If that weren't enough, Clinton has led the way in lifting a 20-year ban on selling arms to Latin American countries, Also, he has refused to sign an international treaty to ban landmines that just about all other nations have endorsed [see "Spotlight" story in this issue's Sentinel section]. All of these facts become buried when the mainstream press discusses Hussein vs. the U.S.

Another item off the discussion list is how the U.S. is conducting its foreign policy without a shred of diplomacy. Hussein has been lately requesting that the U.N. investigative team have fewer Americans on it. Clinton's response, universally hailed by the press, is an unwavering no. We are prepared to start another war before allowing this concession.

This is a continuation of our policy after the 8/90 invasion of Kuwait by Hussein's order and before the 1/91 U.S.-led attack on Baghdad. In private, Hussein offered the Bush administration to pull out of Kuwait in five days-the Bushites said it had to be three. Without any further discussion on the subject we launched our attack on Iraq's civilian infrastructure.

(In fact, that period after the invasion of Kuwait and before the U.S. attack, when pundits debated the merits of militarism and hundreds of thousands of people around the world marched in protest of a possible war, is rapidly vanishing from the media's eyes. The Washington Post, for one, has consistently opined since 1991 that Hussein started the Gulf War, with many other news outlets following suit. It is unlikely that our approved version of history for the next generation will read any differently.)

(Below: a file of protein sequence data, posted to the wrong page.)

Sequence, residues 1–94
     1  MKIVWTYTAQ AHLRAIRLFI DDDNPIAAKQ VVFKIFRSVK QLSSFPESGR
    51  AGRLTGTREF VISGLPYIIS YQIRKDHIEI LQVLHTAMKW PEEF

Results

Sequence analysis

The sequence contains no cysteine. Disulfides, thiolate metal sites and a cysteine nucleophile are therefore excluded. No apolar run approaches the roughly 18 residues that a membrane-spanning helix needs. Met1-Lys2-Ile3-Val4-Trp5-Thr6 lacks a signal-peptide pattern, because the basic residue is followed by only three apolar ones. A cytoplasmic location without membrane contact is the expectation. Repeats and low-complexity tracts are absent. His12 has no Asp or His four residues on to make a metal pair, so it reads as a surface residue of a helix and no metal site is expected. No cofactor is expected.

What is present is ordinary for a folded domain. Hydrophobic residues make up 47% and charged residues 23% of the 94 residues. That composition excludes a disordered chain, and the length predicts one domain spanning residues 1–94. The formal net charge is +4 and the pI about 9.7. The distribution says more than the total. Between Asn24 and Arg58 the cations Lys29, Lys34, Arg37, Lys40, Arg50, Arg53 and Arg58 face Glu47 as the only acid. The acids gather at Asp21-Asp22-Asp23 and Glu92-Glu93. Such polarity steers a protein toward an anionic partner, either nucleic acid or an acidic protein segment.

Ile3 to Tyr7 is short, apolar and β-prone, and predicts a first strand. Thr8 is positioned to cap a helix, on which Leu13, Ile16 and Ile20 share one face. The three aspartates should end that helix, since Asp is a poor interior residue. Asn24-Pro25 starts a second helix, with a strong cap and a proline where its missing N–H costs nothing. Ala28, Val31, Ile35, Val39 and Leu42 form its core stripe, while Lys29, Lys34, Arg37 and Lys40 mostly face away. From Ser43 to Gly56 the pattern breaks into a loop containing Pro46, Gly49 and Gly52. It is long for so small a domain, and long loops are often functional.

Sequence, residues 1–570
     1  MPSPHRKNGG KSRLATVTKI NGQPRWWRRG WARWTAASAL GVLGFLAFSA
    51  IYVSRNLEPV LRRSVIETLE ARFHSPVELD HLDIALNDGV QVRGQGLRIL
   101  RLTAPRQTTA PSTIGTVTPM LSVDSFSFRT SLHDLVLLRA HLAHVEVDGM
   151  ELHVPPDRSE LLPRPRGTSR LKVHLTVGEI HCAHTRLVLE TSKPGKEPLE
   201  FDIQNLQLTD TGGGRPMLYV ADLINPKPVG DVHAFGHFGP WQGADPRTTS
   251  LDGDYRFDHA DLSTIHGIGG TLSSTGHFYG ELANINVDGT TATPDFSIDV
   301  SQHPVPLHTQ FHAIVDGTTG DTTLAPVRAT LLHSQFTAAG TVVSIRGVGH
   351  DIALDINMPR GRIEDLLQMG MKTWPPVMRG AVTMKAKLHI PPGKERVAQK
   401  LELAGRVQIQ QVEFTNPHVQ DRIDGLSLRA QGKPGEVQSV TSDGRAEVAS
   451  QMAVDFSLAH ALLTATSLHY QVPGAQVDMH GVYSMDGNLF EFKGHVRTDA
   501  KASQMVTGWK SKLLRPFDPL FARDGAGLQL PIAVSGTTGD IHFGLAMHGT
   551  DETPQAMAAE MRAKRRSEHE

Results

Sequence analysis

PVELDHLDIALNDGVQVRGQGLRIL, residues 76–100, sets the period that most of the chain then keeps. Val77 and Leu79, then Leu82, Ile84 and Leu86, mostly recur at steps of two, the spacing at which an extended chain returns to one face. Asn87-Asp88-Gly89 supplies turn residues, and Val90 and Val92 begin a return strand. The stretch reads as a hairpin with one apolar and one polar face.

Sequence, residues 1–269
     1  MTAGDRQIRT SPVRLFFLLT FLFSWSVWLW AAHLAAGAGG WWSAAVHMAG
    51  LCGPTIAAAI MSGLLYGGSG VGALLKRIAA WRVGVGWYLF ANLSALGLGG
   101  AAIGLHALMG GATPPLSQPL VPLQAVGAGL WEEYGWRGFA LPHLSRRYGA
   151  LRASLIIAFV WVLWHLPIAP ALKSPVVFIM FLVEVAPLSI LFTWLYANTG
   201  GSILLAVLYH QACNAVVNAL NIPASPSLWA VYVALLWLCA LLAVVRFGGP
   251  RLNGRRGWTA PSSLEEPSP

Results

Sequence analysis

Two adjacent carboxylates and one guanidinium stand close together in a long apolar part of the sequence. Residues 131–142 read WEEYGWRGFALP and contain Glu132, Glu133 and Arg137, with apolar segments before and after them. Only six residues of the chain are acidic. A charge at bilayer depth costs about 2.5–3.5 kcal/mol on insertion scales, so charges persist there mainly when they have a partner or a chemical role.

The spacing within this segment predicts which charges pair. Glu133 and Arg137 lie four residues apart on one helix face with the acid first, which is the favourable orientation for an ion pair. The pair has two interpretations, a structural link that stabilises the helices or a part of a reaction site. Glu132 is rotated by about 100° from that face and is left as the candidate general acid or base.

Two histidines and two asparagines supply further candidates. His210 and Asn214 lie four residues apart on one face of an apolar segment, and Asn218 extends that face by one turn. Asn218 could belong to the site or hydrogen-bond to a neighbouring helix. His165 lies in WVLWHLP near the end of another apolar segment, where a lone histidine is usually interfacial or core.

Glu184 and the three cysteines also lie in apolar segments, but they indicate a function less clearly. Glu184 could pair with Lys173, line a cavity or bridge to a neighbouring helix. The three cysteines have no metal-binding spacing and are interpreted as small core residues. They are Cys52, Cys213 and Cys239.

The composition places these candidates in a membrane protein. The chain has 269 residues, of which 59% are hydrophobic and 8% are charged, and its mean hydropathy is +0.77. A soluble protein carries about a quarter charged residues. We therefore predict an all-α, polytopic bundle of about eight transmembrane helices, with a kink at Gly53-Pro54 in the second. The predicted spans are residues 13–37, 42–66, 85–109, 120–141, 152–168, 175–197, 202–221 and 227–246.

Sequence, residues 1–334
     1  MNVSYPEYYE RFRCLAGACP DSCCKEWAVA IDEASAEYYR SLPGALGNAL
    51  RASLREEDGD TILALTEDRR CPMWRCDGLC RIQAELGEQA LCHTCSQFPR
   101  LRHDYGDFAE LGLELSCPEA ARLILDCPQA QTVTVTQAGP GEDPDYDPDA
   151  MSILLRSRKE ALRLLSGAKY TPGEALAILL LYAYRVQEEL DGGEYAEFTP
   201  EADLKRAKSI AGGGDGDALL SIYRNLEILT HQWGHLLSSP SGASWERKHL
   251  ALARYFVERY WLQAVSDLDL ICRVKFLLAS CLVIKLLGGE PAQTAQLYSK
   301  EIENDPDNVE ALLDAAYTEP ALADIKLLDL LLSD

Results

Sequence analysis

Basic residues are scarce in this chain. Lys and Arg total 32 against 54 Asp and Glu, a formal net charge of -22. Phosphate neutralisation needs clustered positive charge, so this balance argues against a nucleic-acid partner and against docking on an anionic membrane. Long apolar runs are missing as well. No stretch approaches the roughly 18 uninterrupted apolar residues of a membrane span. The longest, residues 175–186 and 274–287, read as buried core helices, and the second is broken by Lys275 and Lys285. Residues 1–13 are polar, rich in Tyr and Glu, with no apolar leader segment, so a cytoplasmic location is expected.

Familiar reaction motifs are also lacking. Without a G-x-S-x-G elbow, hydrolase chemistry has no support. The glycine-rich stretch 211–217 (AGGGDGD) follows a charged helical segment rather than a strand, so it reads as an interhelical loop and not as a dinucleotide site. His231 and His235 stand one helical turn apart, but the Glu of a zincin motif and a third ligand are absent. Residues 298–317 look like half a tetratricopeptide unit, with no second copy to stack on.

This policy of zero tolerance for Hussein has been a catastrophe for Iraq, which is occasionally mentioned in the media but always as Hussein's fault. A very good recent article in The Progressive ("Iraq's Children," 11,/97) showed an Iraqi society which has deteriorated to a level of hardship few of us could imagine . At least 500,000 children have died since the War's final atrocity up to now.

This is more than the number of children killed from both atomic bombs and the recent ethnic cleansing in Bosnla combined. None of these Iraqi children had anything to do with Kuwait; and their lives were worth more than whether Iraq pulled out of there in five or three days. They are where they are arguably because the richest nation and last superpower on Earth has a mainstream media that any totalitarian regime would covet.

A recent news article in the Sun closed by quoting war-hawk Newt Gingrich as saying that the strategy of economic sanctions is "a liberal fantasy of a foreign policy without force [sic] [The Sun, 11/14/97]."

And, if the media have their way, the public will continue to believe that no unjustified force is being applied to no one knows how many more children in Iraq.

To learn more about providing humanitarian assistance to Iraq, contact Voices in the Wilderness at 773-285-7544.

Scott Loughrey